Some people absolutely do need them, and that needs to be respected (so I don't want to see them banned), but the vast, vast majority of owners do not need them at all - so oddly enough, as a car enthusiast I would be totally on board with the Greens' desire to make the SUV less popular become a reality. A conventional saloon or estate car is much cheaper to buy (you wouldn't believe the margins on SUVs compared to standard cars so it's no wonder every manufacturer wants to sell them), almost as practical (if you go for an estate), more economical, quieter, cheaper to run, and as any car enthusiast will tell you, a lot faster and much better handling. I simply cannot understand why the damn things are so popular, and I would love to see the return of cars that are better for our planet and a car enthusiast's heart. So, if they really want to do this, bring it on!

    However, as is typical with the Greens', their policies (as evidenced by the forthcoming VRT changes) will achieve exactly the opposite of this.

    I will explain why below. Basically, the new changes focus solely and exclusively on notional CO2 emissions at the tailpipe. The system was changed recently to be reflective of the 'real world' but it seems to be just as removed from reality as the old NEDC cycle. It clobbers any sort of purely combustion engined vehicle, pretends that plug-in hybrids are driven every time with the battery at 100% and that there are zero emissions in electricity generation anywhere in Europe.

    Thus on the WLTP cycle plug-ins and electrics get extremely good CO2 ratings - particularly plug-ins with say more than 60 km of electric range. But then this means we circle back to the point above - you need lots of batteries to do this, and that means you need lots of space, and thus lots of weight. This means we're straight onto big SUVs or luxury saloon and estate cars - because these vehicles are so big, the packaging compromises are minimal - I mean losing say 5 cm of legroom in a big SUV is nothing compared to losing that in say a Yaris. The added height of an SUV pays dividends for plug-in vehicles in particular - compared to a conventional pure ICE car, a plug-in would often lose 150-200 litres of boot space and 20-25 litres of a fuel tank, and weigh 150-200 kg more. In a saloon or estate car, this would typically mean a boot and fuel tank that are 1/3 smaller and 10-15% weight penalty. Whereas in a big SUV, you're losing just 10-15% of the boot space and fuel tank, and because they weight much more to begin with, 150-200 kg more is maybe 5-10% of a weight penalty. So the compromises are far less in an SUV. But SUVs are far less suitable for the urban environment, and obviously there's far more raw materials involved in making these cars in the first place.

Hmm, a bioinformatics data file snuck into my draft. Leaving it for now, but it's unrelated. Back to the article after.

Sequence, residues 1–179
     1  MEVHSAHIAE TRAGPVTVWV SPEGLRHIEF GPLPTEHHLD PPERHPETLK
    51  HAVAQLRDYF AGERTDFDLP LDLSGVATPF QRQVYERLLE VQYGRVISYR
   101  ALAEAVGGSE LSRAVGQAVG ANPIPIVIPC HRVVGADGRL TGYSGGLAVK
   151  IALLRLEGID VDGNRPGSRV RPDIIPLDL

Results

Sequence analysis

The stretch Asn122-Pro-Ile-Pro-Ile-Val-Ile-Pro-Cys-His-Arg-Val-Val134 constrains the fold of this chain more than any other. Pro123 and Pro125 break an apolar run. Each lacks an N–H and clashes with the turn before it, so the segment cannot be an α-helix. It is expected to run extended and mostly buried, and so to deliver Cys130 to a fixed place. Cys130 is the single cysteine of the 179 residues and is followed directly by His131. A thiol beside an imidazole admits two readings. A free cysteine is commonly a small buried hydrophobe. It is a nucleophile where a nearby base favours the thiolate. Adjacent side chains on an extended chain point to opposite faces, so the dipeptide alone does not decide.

But this is precisely what all the regulations about CO2 tailpipe emissions have achieved. Small hatchbacks and saloons, with pure petrol or diesels are awful planet killers, but heavy luxury saloons and SUVs (which only the wealthy can afford to buy - convenient as a lot of the Greens' voter base is in South County Dublin) are brilliant!

    This in a nutshell is the problem with the Greens. They never think things through - particularly when it comes to cars and transport. They and their supporters are driven by an ideological hatred of the private car and all the freedoms and benefits it brings that they can't see the wood from the trees.

    Of course, making a complete pig's ear of things and shafting the motorist is something they're well used to. They got it catastrophically wrong the last time they were in Government, telling us to buy diesel cars with their toxic nitrous oxide emissions and particulates even though the dogs on the street knew they were bad for our lungs (and don't blame VW for dieselgate - the EU emissions standards at the time allowed diesels to produce over three times as much NOx as petrols). So they would have known (if they bothered to read the relevant EU rules at the time) that diesels were perfectly legally allowed to be more than three times worse for our lungs than the petrol equivalent, but they decided that was OK because the CO2 is lower :rolleyes:. Ironically, they want them banned now that the manufacturers have cleaned them up.

    If they really cared about saving the planet they'd make it cheaper to keep old cars (since the only pollution they create is when they're driven) and they'd tax new cars based on weight and the CO2 impact during the manufacture of the vehicles. They'd also recognise the CO2 from electricity, too.


  • #2


    boombang wrote: »
    Not a member, but Green voter.

    I recognise that a lot of ideological nonsense comes as part of the package when voting for an (ostensibly) environmentally responsible party. However, when I see the likes of McHugh and Bogue I really worry for the core mission of the party. Both seem so immature and unsuited to realities of party politics and the necessary trading of principles for practical achievement. Bogue in particular has struck me as very self-absorbed and grossly naive. I hope those who aligned themselves with the thinking of these characters realise how the mission to improve Ireland's woeful environmental performance will be scuppered if the greens shoot themselves in the foot over culture war issues.